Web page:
Gothenburg – a Mini Guide

It’s time for another mini guide to another Scandinavian City I visited this summer – lovely Gothenburg! The second largest city in Sweden is located on the west coast. It’s hilly, known for its trams, fishing and being the home of Volvo. But what makes a visit here so lovely is the people who live here; they are really warm and friendly and have a very specific type of humour! Also, in Swedish the city is actually called Göteborg, with a soft “y” sound.

I took my boyfriend here for a few days last summer, so that he could experience a bit more of Sweden now that he could visit again and we had such a lovely time! It’s easy to get around and lots to see and do, especially in summer!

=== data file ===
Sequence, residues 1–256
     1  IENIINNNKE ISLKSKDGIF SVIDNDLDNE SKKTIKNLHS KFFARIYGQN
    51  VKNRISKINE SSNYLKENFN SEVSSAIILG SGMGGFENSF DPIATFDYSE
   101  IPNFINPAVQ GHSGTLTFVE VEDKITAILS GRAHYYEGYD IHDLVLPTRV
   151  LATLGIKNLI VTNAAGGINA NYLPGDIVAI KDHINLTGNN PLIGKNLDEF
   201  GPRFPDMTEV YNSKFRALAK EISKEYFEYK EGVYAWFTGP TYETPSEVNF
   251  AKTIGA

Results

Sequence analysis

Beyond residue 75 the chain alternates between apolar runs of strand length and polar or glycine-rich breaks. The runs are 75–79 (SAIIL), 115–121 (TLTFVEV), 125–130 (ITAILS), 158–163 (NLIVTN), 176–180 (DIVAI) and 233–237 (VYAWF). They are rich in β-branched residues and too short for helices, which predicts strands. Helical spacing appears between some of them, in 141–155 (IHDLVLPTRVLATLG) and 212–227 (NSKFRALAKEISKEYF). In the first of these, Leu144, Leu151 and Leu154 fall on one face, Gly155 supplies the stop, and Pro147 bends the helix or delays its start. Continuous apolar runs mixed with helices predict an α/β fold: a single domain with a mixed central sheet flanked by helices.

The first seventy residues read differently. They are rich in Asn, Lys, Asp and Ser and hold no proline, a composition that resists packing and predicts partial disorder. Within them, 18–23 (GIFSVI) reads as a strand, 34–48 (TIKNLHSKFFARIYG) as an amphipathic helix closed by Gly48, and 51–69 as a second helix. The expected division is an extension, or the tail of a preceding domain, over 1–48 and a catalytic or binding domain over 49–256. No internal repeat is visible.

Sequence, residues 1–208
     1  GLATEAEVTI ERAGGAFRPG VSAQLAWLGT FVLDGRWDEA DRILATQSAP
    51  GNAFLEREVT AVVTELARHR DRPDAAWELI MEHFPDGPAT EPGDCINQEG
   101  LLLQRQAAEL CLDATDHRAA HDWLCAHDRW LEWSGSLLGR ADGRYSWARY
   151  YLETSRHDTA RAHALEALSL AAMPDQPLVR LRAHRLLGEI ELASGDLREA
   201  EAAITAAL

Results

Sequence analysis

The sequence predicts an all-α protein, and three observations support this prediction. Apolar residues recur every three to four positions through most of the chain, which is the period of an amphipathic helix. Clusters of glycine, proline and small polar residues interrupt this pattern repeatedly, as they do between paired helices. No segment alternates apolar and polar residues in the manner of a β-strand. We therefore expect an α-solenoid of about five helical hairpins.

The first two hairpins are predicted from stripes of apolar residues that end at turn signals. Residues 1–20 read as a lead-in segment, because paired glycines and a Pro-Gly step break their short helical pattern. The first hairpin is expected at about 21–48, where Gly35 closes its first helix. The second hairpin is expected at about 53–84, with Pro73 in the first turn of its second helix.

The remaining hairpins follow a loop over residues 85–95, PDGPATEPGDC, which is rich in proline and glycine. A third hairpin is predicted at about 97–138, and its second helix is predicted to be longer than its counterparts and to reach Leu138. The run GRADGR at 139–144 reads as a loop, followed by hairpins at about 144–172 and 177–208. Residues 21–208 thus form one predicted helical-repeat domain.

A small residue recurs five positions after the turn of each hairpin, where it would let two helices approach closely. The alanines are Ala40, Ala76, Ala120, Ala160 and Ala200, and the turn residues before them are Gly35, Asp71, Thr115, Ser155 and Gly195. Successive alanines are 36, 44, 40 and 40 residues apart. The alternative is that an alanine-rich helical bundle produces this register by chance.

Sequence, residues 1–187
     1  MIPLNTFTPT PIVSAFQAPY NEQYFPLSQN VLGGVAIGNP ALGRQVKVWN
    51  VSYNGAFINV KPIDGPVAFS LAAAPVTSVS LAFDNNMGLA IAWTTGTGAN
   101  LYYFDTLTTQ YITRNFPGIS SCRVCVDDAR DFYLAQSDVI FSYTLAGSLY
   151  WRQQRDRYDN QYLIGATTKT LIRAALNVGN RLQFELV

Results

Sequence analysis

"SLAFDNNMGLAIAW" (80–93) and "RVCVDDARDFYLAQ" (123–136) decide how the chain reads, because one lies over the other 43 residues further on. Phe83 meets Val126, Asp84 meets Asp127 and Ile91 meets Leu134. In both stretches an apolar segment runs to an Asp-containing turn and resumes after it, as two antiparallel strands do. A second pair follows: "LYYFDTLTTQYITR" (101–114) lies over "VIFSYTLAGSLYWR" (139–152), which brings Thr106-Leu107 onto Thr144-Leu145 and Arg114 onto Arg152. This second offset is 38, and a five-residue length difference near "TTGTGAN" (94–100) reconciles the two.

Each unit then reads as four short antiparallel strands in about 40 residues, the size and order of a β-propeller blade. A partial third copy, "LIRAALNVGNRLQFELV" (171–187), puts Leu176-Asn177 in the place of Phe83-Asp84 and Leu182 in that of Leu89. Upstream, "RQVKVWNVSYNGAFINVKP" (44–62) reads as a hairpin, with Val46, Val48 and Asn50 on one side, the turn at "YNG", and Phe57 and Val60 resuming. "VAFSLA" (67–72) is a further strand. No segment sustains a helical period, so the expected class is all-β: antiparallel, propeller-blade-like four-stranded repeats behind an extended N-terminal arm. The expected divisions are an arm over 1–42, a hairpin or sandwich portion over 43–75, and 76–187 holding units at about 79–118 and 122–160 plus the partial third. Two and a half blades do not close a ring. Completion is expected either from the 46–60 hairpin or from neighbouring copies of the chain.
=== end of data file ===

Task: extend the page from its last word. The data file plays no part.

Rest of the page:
Where to stay

We stayed at Clarion Hotel Post, a two minute walk from the train station which suited us well as we travelled there by train. We really liked it! It was nice and good value for money for the very central location. Great breakfast too! It’s big but still feels quite cosy. It was a tiny bit tired interior wise but very clean. Other hotels I would consider without having stayed there are Gothia Towers, Upper House, Hotel Pigalle or Sankt Jörgen Park.

Where to eat

I used to come to Gothenburg a lot until a few years ago, so I have quite a few favourites, but we tried some new places on this trip. We started with the famous prawn sandwich at Heaven 23 with lovely views over the city, and for dinner we went to a lovely spot a friend of mine recommended on Instagram; Bord 27. A super cosy restaurant with lovely food. We walked there and back, which was so lovely!

A true and tested favourite of mine is Restaurang Familjen, but I also really like Björns Bar. Places on my to try list that I have heard great things about are restaurant Bar la Lune, and Bar Bruno and Champagnebaren for drinks.